Alex Philippidis Senior News Editor Genetic Engineering & Biotechnology News

“State of Innovation” Report Shows Fewer Patents for Biotech in 2015

Three U.S. Supreme Court decisions limiting the patentability of new diagnostics and diagnostic methods explain why, alone among technology fields, biotechnology generated fewer patents last year than in 2014, according to the latest edition of Thomson Reuters’ annual “State of Innovation” report.

During 2015, biotech inventions led to 43,016 patents, down nearly 3% from the 44,317 recorded for the previous year, based on Derwent World Patents Index data underpinning Thomson Reuters’ “2016 State of Innovation” report.

“There is a great deal of uncertainty currently about how patentable biotechnology based innovations will be in the United States going forward. With the value of biotech based patents generally in question, the incentive to file these applications has decreased,” Anthony Trippe, senior patent analyst for Thomson Reuters, told GEN.

Trippe cited three court cases where the Supreme Court narrowed patent eligibility to the detriment of diagnostics developers and other patent holders:

  • Mayo Collaborative Services v. Prometheus Laboratories (2012)—The court unanimously held as patent-ineligible the methods of dosage calibration for thiopurine drugs for gastrointestinal and nongastrointestinal autoimmune diseases that had been patented by Nestle’s Prometheus’ Laboratories.
  • Association for Molecular Pathology v. Myriad Genetics (2013) –The court unanimously overturned seven of Myriad Genetics’ 24 patents related to its discovery of the precise location and sequence of breast cancer susceptibility genes BRCA 1 and 2.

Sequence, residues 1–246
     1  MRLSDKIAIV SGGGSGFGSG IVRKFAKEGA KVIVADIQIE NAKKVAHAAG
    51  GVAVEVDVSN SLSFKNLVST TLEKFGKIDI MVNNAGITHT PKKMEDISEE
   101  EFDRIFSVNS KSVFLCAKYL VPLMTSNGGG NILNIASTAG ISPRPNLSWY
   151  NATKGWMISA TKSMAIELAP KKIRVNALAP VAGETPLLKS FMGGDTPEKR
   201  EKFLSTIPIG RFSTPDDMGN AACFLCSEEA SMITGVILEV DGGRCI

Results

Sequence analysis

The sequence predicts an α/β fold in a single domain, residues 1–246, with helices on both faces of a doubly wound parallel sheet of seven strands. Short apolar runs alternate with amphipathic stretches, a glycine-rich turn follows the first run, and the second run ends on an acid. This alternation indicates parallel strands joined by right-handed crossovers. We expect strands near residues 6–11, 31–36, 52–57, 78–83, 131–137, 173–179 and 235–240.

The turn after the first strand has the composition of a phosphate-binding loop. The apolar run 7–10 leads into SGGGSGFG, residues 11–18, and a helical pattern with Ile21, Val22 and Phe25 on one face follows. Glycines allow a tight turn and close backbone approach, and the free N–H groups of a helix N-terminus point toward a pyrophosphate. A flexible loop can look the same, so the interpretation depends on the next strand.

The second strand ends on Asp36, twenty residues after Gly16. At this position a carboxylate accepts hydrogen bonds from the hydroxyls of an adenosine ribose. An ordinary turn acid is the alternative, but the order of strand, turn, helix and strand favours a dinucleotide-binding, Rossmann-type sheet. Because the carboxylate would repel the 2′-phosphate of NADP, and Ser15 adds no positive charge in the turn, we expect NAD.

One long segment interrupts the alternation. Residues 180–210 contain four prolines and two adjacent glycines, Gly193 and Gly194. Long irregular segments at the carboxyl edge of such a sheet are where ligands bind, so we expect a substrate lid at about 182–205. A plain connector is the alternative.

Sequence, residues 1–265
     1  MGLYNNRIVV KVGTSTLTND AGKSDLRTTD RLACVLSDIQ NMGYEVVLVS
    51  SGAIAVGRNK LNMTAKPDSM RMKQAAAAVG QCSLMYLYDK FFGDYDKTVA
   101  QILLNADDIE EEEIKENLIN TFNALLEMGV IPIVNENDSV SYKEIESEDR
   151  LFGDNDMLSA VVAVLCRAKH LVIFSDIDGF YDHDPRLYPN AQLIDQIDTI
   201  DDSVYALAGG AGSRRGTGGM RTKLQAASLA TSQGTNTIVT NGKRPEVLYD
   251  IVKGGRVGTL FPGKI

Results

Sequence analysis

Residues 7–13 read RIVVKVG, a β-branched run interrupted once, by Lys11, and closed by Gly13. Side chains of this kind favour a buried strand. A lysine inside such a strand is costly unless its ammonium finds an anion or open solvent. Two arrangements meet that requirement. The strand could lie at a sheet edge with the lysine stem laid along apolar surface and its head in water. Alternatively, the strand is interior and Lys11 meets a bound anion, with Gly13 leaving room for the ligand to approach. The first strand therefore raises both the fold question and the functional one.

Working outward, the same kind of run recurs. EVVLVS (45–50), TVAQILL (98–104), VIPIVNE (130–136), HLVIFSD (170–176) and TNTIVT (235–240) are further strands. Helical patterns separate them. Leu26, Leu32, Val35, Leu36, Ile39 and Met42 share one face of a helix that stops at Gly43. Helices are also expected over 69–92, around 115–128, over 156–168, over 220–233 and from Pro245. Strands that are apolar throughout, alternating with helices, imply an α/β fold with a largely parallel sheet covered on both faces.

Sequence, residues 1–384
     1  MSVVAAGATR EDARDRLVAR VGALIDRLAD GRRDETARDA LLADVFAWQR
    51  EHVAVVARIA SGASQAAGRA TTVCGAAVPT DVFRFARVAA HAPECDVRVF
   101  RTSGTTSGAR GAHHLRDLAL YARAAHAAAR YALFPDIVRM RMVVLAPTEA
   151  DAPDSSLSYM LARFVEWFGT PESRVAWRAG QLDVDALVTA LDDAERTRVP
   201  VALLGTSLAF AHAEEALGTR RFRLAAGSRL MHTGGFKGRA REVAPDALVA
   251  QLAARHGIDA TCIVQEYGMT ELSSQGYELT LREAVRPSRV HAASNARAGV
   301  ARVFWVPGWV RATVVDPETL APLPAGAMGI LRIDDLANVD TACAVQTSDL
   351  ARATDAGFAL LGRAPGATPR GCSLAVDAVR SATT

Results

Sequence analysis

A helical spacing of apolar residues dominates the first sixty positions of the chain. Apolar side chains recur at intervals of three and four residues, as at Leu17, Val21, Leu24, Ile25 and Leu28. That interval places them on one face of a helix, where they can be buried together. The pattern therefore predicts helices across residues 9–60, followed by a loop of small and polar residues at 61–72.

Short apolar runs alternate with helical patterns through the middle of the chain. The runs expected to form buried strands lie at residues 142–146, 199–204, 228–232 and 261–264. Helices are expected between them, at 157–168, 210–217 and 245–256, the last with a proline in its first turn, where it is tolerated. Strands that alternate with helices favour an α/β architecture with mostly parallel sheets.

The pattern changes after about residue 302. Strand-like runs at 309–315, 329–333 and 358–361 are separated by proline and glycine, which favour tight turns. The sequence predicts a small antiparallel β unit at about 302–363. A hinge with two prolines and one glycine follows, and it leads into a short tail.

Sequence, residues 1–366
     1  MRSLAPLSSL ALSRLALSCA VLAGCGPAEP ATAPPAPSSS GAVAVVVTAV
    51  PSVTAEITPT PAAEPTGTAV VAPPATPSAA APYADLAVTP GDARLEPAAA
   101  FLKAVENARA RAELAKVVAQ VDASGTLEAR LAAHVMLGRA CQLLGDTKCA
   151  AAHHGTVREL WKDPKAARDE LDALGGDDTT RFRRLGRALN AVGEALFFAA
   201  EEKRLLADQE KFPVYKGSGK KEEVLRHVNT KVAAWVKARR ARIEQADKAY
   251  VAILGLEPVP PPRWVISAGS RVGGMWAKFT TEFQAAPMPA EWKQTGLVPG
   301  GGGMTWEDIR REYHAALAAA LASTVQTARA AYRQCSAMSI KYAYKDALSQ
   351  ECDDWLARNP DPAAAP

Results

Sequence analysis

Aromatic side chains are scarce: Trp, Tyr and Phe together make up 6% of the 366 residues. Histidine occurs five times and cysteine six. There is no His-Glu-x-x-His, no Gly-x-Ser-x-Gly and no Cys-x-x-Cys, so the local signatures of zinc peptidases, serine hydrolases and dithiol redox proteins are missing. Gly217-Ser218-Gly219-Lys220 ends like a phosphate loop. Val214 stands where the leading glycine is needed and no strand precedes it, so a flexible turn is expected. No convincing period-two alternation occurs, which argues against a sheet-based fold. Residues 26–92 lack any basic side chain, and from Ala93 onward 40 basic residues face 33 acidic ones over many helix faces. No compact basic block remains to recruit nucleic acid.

• Alice Corp. v. CLS Bank International (2014)—The Court unanimously extended the narrowed patent eligibility framework of Mayo v. Prometheus to software inventions.

The U.S. Court of Appeals for the Federal Circuit (CAFC) cited Alice in its 2014 decision in University of Utah Research Foundation v. Ambry Genetics. The case was settled after CAFC held that claims from three patents covering DNA-based BRCA1 and BRCA2 tests Myriad had asserted against Ambry did not contain subject matter eligible for patent protection.

 “The Alice, Mayo, and Myriad Supreme Court cases have certainly called into question what biotech innovation can actually be patented in the U.S.,” Trippe said. “The combination of these cases has created an enormous amount of uncertainty around the value, and overall patentability of biological sequence based innovations.”

The sharpest drop in biotech patents last year, 20%, was seen in the diagnosis of diseases subsector— to 5,614 from 6,984 in 2014.

“The Myriad case in particular calls into question the whole premise of being able to protect diagnostic methods with patents. The new rules for eligibility after Myriad make it very difficult to get patents in this area,” Trippe said.

Also seeing a double-digit decline was drug discovery, where the number of patents fell 13% year-over-year, to 824 last year from 951 in 2014.

Decreases of 9% were seen in cancer treatment patents (to 4,412 in 2015 from 4,855) and patents for genetically modified crops (to 1,969 from 2,153).